Get a few property managers together, perhaps mix in an adult beverage or two, and the stories will start to roll off their tongues. What kind of stories, you ask? Maybe about a vendor, or a weird house, but the largest volume, by far, will be about tenants.
As entertaining as those sessions can be, we all want to avoid collecting those tenant horror stories. So, how do you do it?
1) Tenant Screening
It all starts here. It may seem like a lot of work upfront, but verifying income, confirming rental history, and a thorough background/criminal/credit check is the single best thing you can do to prevent tenant problems. An ounce of prevention here is worth a pound of cure. Property managers have access to tools and databases that can screen out many potential deadbeats that a self-manager won’t catch.
2) Establish Policies & Adhere to Them
Establish a set of policies around pets, late payment dates, late fees, NSF fees, payment methods that you accept… and more. Once those policies are set, do not deviate from them. That will save your bacon if there’s ever a Fair Housing complaint, but will also set the tone with the tenant that there are rules, and those rules will be enforced. A firm but fair hand sets the tone of the relationship from the get-go, and subtly lets tenants know that shenanigans won’t be tolerated.
3) Maintain Professional Boundaries
This is probably where I see most self-managers succumb and give the tenants the upper-hand. This is a business activity, and should be managed as such. Get a Google Voice phone number instead of your personal cell phone, and answer calls during business hours. Your tenant may be the nicest person in the world, but you are still in a business relationship. Don’t have the stomach to say “no” after hearing a tenant sob story? Time to hire a property manager.
4) Maintain Your Property
Why should a tenant care more about the home than you do? Many Landlords are overly focused on cost-control when it comes to repair & maintenance. It’s second nature to all of us, landlord or tenant, that we adjust our behavior based upon setting & context. The same people that whisper in libraries yell at stadiums. The same people that wipe their feet before entering a friend’s home will think nothing of leaving muddy footprints walking in to a dirty gas station. When you have a home with threadbare carpet, spotted walls due to old touch ups, and fixtures that don’t work, your tenants are going to be much rougher on the home.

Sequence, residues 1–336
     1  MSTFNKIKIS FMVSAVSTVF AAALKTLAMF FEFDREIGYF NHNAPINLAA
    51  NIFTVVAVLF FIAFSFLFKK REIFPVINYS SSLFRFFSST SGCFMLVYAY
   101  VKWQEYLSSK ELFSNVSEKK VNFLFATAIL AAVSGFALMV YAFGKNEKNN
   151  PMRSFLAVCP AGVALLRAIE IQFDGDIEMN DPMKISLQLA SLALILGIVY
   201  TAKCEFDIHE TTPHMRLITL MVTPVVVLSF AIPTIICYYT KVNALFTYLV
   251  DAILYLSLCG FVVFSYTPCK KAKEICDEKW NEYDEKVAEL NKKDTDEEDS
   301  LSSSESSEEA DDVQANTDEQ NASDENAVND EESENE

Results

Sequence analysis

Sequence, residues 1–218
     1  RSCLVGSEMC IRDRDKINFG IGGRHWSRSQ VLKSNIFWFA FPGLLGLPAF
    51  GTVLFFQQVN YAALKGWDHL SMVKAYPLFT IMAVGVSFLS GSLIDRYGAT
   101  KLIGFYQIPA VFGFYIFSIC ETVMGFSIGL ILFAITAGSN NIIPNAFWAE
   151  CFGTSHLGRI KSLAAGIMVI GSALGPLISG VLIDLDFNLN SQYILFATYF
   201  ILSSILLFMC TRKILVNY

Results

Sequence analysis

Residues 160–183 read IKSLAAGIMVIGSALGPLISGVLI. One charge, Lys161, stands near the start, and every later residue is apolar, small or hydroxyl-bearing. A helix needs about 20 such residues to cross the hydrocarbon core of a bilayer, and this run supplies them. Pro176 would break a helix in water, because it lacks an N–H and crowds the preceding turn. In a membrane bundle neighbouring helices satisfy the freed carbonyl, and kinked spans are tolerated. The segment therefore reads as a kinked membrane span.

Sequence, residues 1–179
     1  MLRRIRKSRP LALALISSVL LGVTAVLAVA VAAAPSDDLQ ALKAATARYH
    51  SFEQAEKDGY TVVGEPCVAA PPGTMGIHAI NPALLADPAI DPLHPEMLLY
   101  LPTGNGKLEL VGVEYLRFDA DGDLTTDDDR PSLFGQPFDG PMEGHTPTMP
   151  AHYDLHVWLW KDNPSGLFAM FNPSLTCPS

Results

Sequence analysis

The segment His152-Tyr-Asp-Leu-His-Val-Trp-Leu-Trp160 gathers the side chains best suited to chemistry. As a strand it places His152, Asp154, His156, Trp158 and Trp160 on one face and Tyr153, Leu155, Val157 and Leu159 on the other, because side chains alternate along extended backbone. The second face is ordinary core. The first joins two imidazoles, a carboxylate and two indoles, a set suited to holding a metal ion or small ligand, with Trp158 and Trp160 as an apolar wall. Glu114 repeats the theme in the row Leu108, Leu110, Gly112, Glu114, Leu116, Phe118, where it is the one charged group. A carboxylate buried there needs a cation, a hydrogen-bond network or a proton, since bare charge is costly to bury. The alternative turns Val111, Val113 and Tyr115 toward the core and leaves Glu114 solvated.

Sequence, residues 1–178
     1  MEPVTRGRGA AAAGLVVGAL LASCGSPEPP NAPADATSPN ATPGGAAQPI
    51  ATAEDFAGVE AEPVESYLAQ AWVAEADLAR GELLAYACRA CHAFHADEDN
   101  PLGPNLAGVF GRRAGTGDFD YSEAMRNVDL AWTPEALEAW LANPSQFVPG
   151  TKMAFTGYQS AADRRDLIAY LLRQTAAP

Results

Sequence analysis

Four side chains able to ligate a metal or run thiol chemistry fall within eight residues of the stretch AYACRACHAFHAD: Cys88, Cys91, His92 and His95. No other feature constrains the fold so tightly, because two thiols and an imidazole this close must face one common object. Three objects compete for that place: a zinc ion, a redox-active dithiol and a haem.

5) Inspect the Property Routinely but not Frequently
One of the most common questions we get from new clients is how often we inspect the inside of a home. We are in the homes we manage at least once per year. I have found that to be a good cadence – just before renewal time. Knowing how the home is being taken care of impacts whether we will offer a renewal to a tenant and at what rate. In addition to owner/manager inspections, a strong vendor network can be your best eyes and ears. When it’s 100 degrees outside and the AC stops cooling, I can guarantee you that the tenant is not going to clean up or hide their contraband before a contractor shows up, the way they would for a management inspection. A good network of frequently used contractors that will whisper in your ear can be invaluable.
Alright, now that you have eaten your vegetables, let’s dish on some of those Tenant Horror Stories. Some of these are from my own experience, and others that I have collected from my fearless colleagues. Names have been changed to mock the guilty and indulge my love of alliteration.
Tina lived in a nice, recently remodeled single family home. She lived in the home for only a year, and apparently had devised a way to save on her monthly expenses. Rather than pay for trash service (weekly or bi-weekly curbside service only costs ~$30/month), Tina elected to leave her trash in the garage. For an entire year. She had a baby. Yes, that means diapers. Yes, dirty diapers. There were 2-3 layers of black plastic garbage bags stretching the entire length and width of a 2 car garage.
Debbie’s AC stopped working on a Friday night. The HVAC company was dispatched on Saturday morning. They did not have a required part in their inventory to complete the repair that day, and the parts wholesaler was not open until Monday. Debbie was told of the situation, and her AC was repaired Monday morning as soon as the parts warehouse opened. Fast forward 6 months, after Debbie’s lease was up and she moved out, and she filed a discrimination complaint with the Federal Housing Authority, claiming that her AC was not repaired due to her race. A year later, her complaint was found to be baseless and was dismissed, with no recourse to the property manager for the hours wasted in responding to her claim.
One of my personal favorites. Carl apparently felt that toilet paper was an unnecessary invention. Carl wiped, sans paper, and then cleaned his hands by wiping them on the wall adjacent to the commode. Did I witness this first hand? Fortunately, no. But the odiferous finger-printed streak marks left little to the imagination.